A great article!
“Often on our local TV station, the cofC preachers will talk about the churches of Christ in Romans 16:16—and you could in the King James Version and many other translations. From this kind of literal citation of Scripture, without regards to the context, they have developed a theology about the name of the church, which just happened to be the “Church of Christ” that came out of the Stone/Campbell movement.
They often reasoned like this: Where in the Bible do you read of a Baptist Church or a Methodist Church or a Presbyterian Church? One can read about the Church of Christ Church inRomans 16:16, but one cannot read about the others.
On the surface, their argument appeared to have some validity, but the dilemma in this kind of dialectic was/is that Christ was not our Lord’s name, but rather, his official appellation (title). Matthew (1:21) tells us that his name was Jesus. For some reason, we never cited Romans 16:4 that speaks of “the churches of the Gentiles.” Is “churches of the Gentiles” also the name of the church? Also, they never called attention to Galatians 1:22: “I was personally unknown to the churches of Judea that are in Christ.” Is the “churches of Judea” the name of the church also? To advance the notion that Romans 16:16 is the name of the church is to outrun the evidence in the text.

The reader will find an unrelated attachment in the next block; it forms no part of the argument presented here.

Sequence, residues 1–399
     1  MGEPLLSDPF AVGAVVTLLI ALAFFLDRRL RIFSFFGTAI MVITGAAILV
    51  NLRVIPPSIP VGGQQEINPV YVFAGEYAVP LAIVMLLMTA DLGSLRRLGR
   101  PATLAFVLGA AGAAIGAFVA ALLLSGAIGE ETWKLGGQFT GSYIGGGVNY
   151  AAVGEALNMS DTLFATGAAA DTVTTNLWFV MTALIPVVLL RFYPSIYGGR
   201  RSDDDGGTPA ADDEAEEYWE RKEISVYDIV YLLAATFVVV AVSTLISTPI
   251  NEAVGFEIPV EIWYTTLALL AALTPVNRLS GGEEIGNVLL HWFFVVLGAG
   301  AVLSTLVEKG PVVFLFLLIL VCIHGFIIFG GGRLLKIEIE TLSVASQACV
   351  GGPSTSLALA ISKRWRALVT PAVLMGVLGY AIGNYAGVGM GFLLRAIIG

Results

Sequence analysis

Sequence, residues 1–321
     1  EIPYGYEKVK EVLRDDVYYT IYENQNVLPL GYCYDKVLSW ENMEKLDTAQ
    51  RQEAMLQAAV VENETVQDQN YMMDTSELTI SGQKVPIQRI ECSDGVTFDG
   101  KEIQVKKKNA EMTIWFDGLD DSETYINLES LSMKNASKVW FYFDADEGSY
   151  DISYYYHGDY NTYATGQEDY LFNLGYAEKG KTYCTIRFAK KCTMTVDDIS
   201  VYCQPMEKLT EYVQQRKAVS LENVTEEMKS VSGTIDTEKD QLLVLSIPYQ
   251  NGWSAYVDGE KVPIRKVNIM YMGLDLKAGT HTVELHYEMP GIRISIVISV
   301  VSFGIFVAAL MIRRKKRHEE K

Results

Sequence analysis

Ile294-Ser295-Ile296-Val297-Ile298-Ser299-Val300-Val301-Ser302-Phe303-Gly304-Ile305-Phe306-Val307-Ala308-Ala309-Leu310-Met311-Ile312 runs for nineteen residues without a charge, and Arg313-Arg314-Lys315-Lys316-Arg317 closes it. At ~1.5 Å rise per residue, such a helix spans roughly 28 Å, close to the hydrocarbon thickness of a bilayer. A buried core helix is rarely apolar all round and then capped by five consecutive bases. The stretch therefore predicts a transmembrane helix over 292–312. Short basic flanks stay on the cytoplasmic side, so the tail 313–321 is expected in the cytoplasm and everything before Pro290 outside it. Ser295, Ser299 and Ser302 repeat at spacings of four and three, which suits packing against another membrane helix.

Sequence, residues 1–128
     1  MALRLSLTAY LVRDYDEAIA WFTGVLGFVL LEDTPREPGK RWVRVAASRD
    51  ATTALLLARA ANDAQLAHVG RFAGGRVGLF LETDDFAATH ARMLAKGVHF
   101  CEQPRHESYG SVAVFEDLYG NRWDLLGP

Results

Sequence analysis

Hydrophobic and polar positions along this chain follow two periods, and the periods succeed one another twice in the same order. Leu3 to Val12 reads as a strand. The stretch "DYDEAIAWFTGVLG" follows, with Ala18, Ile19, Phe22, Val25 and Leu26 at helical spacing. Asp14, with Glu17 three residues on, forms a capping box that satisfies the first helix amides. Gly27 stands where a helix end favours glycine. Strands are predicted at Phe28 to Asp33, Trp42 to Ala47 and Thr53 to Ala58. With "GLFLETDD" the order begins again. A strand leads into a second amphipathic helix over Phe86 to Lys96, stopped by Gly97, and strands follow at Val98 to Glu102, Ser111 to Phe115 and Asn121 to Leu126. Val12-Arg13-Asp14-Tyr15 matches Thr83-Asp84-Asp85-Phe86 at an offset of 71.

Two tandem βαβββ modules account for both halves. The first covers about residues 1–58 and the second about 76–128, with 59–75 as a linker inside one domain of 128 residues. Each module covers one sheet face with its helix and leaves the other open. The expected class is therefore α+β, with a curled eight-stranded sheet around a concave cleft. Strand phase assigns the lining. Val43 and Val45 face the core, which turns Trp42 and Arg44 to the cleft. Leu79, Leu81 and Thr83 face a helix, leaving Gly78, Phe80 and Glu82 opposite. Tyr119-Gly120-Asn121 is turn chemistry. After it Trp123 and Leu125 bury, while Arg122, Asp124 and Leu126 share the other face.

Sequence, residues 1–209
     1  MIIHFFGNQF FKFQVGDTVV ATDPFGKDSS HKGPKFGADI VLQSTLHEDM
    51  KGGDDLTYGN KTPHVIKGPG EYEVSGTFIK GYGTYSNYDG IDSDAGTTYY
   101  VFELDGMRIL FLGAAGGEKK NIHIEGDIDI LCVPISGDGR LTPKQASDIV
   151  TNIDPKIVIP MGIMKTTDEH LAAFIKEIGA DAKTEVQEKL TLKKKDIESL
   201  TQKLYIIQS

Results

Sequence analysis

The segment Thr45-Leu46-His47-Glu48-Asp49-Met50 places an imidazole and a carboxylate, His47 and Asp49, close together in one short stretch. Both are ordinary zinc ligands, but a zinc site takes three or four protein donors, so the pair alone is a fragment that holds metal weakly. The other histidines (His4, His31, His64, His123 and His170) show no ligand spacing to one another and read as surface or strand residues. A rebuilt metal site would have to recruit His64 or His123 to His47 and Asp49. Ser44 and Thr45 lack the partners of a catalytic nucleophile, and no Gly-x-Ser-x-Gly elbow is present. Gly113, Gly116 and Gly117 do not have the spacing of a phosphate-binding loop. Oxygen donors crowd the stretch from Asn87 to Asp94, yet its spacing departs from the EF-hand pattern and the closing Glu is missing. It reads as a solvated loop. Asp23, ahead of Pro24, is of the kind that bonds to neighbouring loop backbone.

The question that confronts every Christian, as it did me, is: does Paul designate the denominational Churches of Christ in Romans 16:16 as the Churches of Christ today? The true Church of Christ had to do with my particular fellowship, no one else, all others were digressive. In fact, they taught that everyone who disagreed with their brand of orthodoxy was on the way to “hell.”
Jesus died for persons and not for their opinions or ideas, right or wrong, and those for whom he died must be more important to us than anything for which he did not die. As God accepted us in our weakness, with mistaken ideas, warped views and unhealthful attitudes, so we must accept each other in the same state or condition. We must not make the kingdom of heaven to consist of our convictions, attitudes or opinions, but of citizens who must be tolerant of each other in such matters, else there can be no kingdom of heaven at all.This article is from Randy’s blog, which you can find here.